The "eat all you can" pricing model seems really interesting - I love the sound of it.  Yet, I hope you're not arguing that because of a future feature that we might want, that we're not going to be offered usage or data privacy/confidentiality because future features may depend on the collection of data to make them work.   If it were a choice between features and privacy, give me privacy any day. 

There are number of distinct things relating to this thread: (i) program usage stats feedback, (ii) confidentiality/privacy of user data in Documents etc, (iii) syncing or backup of user data, (iv) download and display of community data (v) ability to keep internet usage to download resources without having sync/updates etc require lots of bandwidth first, (vi) the need for feedback to allow some new features to function, and probably more.  I wouldn't like the argument to be flattened to a few (minor?) issues e.g. (i) or (vi), and the baby to be thrown out with the bathwater regarding other issues. 

But while I have strongly held views on these topics, don't let that give the impression that I'm very critical of Logos generally.  It's fantastic software, and a real blessing to me in ministry, for which I'm truly grateful for all the work that has been put into it... Smile

Posts 1674
Paul Golder | Forum Activity | Replied: Mon, Dec 3 2012 12:05 PM

EmileB:

Paul Golder:

 

I mean it's not like people lose their jobs, or marriages by what they post online. And it's not like some Christians are hunted down and imprisoned or killed for what the authorities have discovered on the internet...

 

I am assuming this is playfully sarcastic :-)  I have known of many cases of both... So yeah, i can get a bit paranoid. But just because you're paranoid doesn't mean someone isn't out to get you ;-)

heehee

 

After all, there are only two kinds of people in this world: The paranoid, and those who don't know what's really going on...

Wink

"As any translator will attest, a literal translation is no translation at all."

Posts 693
Frank Sauer | Forum Activity | Replied: Mon, Dec 3 2012 12:17 PM

It does amaze me a bit at how quick to insult with their "silly", "nonsense", etc tags and dismissive some are toward concerns or just plain preference that Logos keep their community based plans out of our purchased resources and let us opt out of data mining.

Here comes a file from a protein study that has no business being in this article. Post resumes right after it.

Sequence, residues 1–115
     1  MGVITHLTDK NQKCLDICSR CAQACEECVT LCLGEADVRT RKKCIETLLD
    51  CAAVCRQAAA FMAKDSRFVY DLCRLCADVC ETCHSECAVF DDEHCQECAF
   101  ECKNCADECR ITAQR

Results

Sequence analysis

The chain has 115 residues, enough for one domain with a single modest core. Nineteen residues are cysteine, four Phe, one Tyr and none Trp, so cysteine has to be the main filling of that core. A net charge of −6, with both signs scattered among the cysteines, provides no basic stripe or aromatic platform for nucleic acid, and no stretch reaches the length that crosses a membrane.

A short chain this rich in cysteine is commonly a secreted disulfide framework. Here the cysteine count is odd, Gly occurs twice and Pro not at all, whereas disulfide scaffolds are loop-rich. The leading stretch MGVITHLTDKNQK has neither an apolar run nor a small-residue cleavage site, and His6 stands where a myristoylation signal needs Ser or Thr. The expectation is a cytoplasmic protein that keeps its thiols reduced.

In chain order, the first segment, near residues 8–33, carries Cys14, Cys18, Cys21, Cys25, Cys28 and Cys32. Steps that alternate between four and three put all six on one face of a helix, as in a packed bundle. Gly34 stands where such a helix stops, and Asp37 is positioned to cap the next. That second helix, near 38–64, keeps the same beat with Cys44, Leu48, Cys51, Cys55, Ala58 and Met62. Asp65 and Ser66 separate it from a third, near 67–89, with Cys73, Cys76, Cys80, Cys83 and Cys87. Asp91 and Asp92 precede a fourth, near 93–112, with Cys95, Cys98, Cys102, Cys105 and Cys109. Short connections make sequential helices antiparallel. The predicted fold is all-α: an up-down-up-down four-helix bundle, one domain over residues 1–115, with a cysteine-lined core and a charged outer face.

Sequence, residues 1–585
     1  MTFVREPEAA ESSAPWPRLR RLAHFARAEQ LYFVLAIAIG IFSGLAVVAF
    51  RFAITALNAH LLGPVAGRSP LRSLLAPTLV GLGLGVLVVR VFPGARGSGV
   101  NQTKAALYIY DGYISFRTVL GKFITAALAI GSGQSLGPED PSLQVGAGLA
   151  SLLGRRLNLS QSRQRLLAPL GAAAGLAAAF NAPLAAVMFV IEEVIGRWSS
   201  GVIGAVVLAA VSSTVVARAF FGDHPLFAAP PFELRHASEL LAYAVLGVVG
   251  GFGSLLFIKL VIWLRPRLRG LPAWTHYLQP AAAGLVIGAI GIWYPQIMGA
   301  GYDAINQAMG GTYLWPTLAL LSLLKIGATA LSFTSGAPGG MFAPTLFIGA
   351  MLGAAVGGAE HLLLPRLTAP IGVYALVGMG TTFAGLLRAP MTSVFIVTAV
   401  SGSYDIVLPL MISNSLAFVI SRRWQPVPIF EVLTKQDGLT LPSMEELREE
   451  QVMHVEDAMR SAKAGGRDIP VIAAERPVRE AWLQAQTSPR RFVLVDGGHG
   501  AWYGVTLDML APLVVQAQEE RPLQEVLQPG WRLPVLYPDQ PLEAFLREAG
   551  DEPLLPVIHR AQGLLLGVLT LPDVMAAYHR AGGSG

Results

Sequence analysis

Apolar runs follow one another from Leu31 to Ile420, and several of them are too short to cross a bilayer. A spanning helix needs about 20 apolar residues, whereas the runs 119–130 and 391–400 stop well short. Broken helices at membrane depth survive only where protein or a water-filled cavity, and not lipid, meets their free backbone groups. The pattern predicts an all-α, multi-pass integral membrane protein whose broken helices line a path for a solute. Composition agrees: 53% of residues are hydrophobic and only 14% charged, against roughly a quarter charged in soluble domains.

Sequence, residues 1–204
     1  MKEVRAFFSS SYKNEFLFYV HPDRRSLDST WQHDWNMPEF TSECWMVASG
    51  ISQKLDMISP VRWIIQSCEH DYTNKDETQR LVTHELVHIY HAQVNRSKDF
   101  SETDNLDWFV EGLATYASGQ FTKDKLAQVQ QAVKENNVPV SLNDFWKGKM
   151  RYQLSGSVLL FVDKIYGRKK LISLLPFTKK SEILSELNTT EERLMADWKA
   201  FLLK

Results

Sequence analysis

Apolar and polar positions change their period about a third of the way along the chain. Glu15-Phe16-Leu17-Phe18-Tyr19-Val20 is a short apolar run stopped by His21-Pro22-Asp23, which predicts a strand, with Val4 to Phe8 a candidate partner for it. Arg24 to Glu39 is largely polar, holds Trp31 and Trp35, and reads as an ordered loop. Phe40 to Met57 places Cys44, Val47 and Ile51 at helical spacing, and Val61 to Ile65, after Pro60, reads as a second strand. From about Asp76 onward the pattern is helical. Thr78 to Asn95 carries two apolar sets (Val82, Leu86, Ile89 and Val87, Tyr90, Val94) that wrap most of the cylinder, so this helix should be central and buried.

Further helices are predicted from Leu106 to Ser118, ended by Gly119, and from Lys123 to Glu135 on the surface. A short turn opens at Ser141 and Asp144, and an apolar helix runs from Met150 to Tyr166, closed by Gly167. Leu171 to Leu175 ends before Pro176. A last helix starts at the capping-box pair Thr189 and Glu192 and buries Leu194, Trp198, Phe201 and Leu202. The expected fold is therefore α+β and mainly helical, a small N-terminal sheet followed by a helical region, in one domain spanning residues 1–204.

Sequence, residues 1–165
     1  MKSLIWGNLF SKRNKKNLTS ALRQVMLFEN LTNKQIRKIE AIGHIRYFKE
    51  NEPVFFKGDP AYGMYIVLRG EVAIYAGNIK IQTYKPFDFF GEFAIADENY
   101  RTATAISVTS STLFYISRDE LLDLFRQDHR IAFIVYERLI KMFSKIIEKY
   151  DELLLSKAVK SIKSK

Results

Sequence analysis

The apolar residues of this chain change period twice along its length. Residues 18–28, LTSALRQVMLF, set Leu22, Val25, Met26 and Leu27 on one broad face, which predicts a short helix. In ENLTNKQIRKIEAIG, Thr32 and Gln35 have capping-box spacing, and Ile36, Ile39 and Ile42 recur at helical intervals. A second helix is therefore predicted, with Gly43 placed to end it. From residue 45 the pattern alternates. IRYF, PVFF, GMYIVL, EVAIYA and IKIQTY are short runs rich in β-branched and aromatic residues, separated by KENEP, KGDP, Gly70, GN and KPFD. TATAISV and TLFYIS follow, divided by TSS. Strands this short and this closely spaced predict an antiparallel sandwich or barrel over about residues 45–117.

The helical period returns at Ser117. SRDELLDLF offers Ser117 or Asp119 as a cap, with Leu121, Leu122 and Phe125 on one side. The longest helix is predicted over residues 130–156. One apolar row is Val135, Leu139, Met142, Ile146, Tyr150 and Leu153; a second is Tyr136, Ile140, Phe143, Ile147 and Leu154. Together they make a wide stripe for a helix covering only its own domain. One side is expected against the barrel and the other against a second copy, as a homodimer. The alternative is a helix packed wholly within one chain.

As I've already stated, comparing the data mining to Google has one distinguishing difference - we do not purchase our searches on Google. Comparing to being tracked through browsers ignore the incognito modes that have been implemented into browsers specifically for users who choose to not be tracked from their own computers.

Comparing a sending Microsoft crash logs from a purchased product like say Microsoft Office to what Logos is doing dismisses a major fact - that you have a choice whether to send the logs or to share anonymous data.

And by far to quote some of you who call some points or opinions silly, to compare it to a grocery store tracking how many people buy peanut butter and jelly together is an insult to our intelligence. This would be a justified comparison if Logos was tracking our purchases and collected data like those who bought NICOT/NICNT also at a high percentage purchase the Pillar Commentary sets...

However what Logos IS doing is comparative to the grocery store tracking the peanut butter and jelly after you purchase it and put it into your personal cabinet to track what type of bread you use, what time of day you eat it and how many times a day you eat it.

These statements of making a "mountain out of a molehill" because Logos wants to do this and someone dare disagree as a paying customer are uncalled for, as is any negative view towards those who have stated they will no longer purchase from Logos if this does not change. Consumers have a right to share what they choose and what they do not choose to share.

Once again I find myself wondering why not just squash the mountain and the molehill by simply implementing an opt-out feature - that allows 100% use of the software and 100% exclusion from the anonymous data collection - Is it really that hard?

Posts 190
EmileB | Forum Activity | Replied: Mon, Dec 3 2012 12:22 PM

Bob Pritchett: